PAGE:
The Zeiss C Sonnar 50mm f1.5 ZM is a modern reincarnation of a classic 1930s lens. The C in its name is for classic, but it is also for compact. This is a very small lens for its speed. Being of a classic design it may not draw to everyone's tastes, however. 

To quote Zeiss "The lens design and aperture geometry reflect its predecessor from the 1930s, the Sonnar 1,5/50, which was the fastest standard lens of its time. With its fast aperture, taking photographs with a beautiful ‘bokeh’ that reflects the ambiance of the golden age of rangefinder photography."


I have owned and used this lens for a long time now, but always on a Zeiss Ikon film Camera using colour negative film, so you need to bear this in mind when reading my wittering here. 


This is essentially two lenses in one; from f4 and above you have a well rounded, sharp lens; from f2.8 and downwards and especially wide open at f1.5 you have the typical character of the classic 1930's Sonnar with creamy, dreamy Bokeh. That said I would not recommend this lens for high acutance look scenics and nature if you wish to work below f5.6, something like the Zeiss Planar 50mm f2 ZM or Leica equivalent would suite you better. 

Then there is the much debated question of focus shift. Well Zeiss themselves say that the design itself lends it to exhibiting focus shift that will be most noticeable when the lens is used at close focus (0.9m being the closest) where the depth of focus is very shallow. Now I have never seen any evidence of focus shift myself but I use film which supposedly is much more forgiving of such things than digital and my sort of work rarely if ever calls upon me to use this lens wide open extremely close up and especially on a moving subject, plus I have the newer version which is optimised for f1.5 rather than f2.8 (purportedly) which supposedly helps.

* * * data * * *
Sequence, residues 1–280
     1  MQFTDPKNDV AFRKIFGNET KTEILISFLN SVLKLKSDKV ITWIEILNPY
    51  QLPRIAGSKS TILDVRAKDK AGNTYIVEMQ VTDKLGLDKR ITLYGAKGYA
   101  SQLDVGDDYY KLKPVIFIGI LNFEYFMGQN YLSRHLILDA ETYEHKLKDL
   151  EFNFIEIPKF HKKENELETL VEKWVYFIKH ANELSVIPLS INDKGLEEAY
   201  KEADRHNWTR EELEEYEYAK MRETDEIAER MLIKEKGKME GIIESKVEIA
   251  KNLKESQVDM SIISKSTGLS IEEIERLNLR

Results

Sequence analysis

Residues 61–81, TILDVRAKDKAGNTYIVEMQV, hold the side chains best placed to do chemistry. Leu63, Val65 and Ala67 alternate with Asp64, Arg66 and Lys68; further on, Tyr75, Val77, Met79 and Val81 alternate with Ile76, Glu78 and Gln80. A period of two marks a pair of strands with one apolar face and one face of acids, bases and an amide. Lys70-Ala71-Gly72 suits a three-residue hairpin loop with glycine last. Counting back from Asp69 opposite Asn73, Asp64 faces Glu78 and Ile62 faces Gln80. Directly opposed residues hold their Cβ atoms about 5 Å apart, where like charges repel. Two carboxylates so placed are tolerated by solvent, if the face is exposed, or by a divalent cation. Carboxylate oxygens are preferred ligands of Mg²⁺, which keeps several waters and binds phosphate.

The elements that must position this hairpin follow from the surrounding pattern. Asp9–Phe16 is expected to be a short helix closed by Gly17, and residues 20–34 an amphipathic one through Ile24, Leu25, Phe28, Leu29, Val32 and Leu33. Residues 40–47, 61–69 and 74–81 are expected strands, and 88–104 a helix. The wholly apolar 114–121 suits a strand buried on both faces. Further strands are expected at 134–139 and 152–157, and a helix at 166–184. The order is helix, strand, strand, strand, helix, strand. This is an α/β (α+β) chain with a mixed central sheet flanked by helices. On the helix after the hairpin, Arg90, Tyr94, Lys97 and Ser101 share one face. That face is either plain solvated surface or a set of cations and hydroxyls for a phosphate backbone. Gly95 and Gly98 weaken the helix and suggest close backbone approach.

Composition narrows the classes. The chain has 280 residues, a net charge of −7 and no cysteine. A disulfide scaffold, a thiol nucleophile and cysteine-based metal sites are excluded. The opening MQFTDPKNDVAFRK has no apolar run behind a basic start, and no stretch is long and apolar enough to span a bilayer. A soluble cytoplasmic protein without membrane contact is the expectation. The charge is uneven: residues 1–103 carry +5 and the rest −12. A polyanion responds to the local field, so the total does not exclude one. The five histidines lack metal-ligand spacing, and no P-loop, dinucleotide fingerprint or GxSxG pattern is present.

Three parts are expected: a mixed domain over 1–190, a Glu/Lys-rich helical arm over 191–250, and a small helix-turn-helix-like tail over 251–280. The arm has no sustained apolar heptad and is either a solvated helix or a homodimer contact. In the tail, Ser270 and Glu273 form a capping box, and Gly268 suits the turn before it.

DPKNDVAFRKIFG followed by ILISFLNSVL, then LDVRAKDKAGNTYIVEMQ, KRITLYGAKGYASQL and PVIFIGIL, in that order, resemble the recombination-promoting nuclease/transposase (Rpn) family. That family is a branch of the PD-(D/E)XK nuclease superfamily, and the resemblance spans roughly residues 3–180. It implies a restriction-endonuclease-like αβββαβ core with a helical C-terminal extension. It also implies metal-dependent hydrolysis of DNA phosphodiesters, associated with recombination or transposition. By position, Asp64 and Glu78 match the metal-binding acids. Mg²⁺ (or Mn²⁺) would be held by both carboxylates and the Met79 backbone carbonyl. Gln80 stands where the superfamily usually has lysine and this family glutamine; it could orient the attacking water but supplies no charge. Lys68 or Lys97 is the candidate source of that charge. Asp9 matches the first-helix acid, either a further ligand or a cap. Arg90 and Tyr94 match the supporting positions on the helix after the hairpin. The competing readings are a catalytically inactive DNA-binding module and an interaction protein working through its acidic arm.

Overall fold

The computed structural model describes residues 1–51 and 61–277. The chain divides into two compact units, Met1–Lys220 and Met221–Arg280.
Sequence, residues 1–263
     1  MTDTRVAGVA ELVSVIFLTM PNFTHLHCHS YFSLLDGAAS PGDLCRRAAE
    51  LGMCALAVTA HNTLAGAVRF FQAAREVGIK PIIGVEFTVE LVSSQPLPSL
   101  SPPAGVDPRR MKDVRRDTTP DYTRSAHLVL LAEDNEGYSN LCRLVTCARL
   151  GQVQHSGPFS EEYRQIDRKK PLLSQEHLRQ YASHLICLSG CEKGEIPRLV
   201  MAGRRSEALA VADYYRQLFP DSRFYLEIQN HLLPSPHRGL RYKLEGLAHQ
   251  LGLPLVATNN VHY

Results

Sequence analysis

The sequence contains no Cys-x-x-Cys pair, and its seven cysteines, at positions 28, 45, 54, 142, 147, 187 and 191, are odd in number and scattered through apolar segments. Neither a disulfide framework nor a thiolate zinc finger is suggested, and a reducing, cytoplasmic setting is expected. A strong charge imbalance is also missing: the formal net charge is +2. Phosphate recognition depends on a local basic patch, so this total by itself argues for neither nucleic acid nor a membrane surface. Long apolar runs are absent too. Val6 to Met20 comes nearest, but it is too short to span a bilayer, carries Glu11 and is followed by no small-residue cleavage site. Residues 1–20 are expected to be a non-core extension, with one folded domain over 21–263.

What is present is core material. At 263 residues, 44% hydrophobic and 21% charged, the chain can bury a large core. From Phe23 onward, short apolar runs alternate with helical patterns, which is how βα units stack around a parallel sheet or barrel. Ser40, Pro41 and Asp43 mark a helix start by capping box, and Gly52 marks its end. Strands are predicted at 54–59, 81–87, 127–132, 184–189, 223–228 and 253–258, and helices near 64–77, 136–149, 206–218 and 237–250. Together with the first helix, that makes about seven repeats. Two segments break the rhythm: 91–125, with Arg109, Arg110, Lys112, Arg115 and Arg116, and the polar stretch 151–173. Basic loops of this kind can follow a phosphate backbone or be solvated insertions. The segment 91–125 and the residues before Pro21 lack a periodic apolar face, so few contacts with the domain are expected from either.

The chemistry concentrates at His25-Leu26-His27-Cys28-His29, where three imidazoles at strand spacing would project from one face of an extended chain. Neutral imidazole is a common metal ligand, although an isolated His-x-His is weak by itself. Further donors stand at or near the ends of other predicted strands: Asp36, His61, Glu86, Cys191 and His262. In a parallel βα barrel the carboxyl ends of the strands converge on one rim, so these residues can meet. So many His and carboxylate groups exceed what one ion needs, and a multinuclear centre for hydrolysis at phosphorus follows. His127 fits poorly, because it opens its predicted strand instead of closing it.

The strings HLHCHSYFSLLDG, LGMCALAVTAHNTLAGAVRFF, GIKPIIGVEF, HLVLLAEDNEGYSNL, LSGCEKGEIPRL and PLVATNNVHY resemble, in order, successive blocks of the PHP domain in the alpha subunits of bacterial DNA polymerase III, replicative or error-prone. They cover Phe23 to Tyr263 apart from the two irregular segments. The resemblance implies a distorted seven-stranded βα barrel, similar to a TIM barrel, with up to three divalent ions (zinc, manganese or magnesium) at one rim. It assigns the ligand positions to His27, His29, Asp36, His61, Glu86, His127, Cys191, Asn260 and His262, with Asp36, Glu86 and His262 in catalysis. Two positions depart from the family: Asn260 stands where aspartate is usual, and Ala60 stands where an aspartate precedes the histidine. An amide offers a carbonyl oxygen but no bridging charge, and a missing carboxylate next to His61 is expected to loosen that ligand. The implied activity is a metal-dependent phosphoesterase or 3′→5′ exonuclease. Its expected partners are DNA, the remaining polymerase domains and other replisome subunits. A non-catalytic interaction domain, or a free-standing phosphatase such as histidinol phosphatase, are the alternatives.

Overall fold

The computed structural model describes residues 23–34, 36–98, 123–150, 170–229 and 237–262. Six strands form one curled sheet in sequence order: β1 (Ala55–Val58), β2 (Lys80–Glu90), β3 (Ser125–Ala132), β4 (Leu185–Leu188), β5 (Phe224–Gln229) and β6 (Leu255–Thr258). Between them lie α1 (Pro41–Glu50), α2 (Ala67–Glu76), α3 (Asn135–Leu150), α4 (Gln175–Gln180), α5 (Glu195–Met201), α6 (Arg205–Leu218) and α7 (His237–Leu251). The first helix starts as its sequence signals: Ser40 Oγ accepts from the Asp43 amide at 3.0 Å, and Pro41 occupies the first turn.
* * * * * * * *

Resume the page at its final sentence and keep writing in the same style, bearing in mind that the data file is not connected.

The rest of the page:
OK that covers off the classic bit of the C in the name of the lens but there is the other side of the name i.e. compact. Considering this is a high quality, well made f1.5 lens it measures a mere 1.5" x 2" and weighs just over 8oz. Compared to the Leica Summilux equivalent which is 2.1" x 2" and weighs 16oz (silver version) the C Sonnar is a svelte featherweight. The Sonnar formulation always was a compact design which is one of its attractions.


So I come back to my opening statement. This is a compact fast lens which may not draw to everyone's tastes. At wide apertures it is a bokeh monster like the classic 1930s lens it is modelled after, providing the rounded sharpness typical of optics of that era. Stopped down, it is a well behaved lens yielding high contrast sharpness with that sought after 3D colour pop. 

✧ Jokul Frosti ✧

A space containing the thoughts, experiences, photos and collected curiosities of a walkabout photographer with a snapshot style.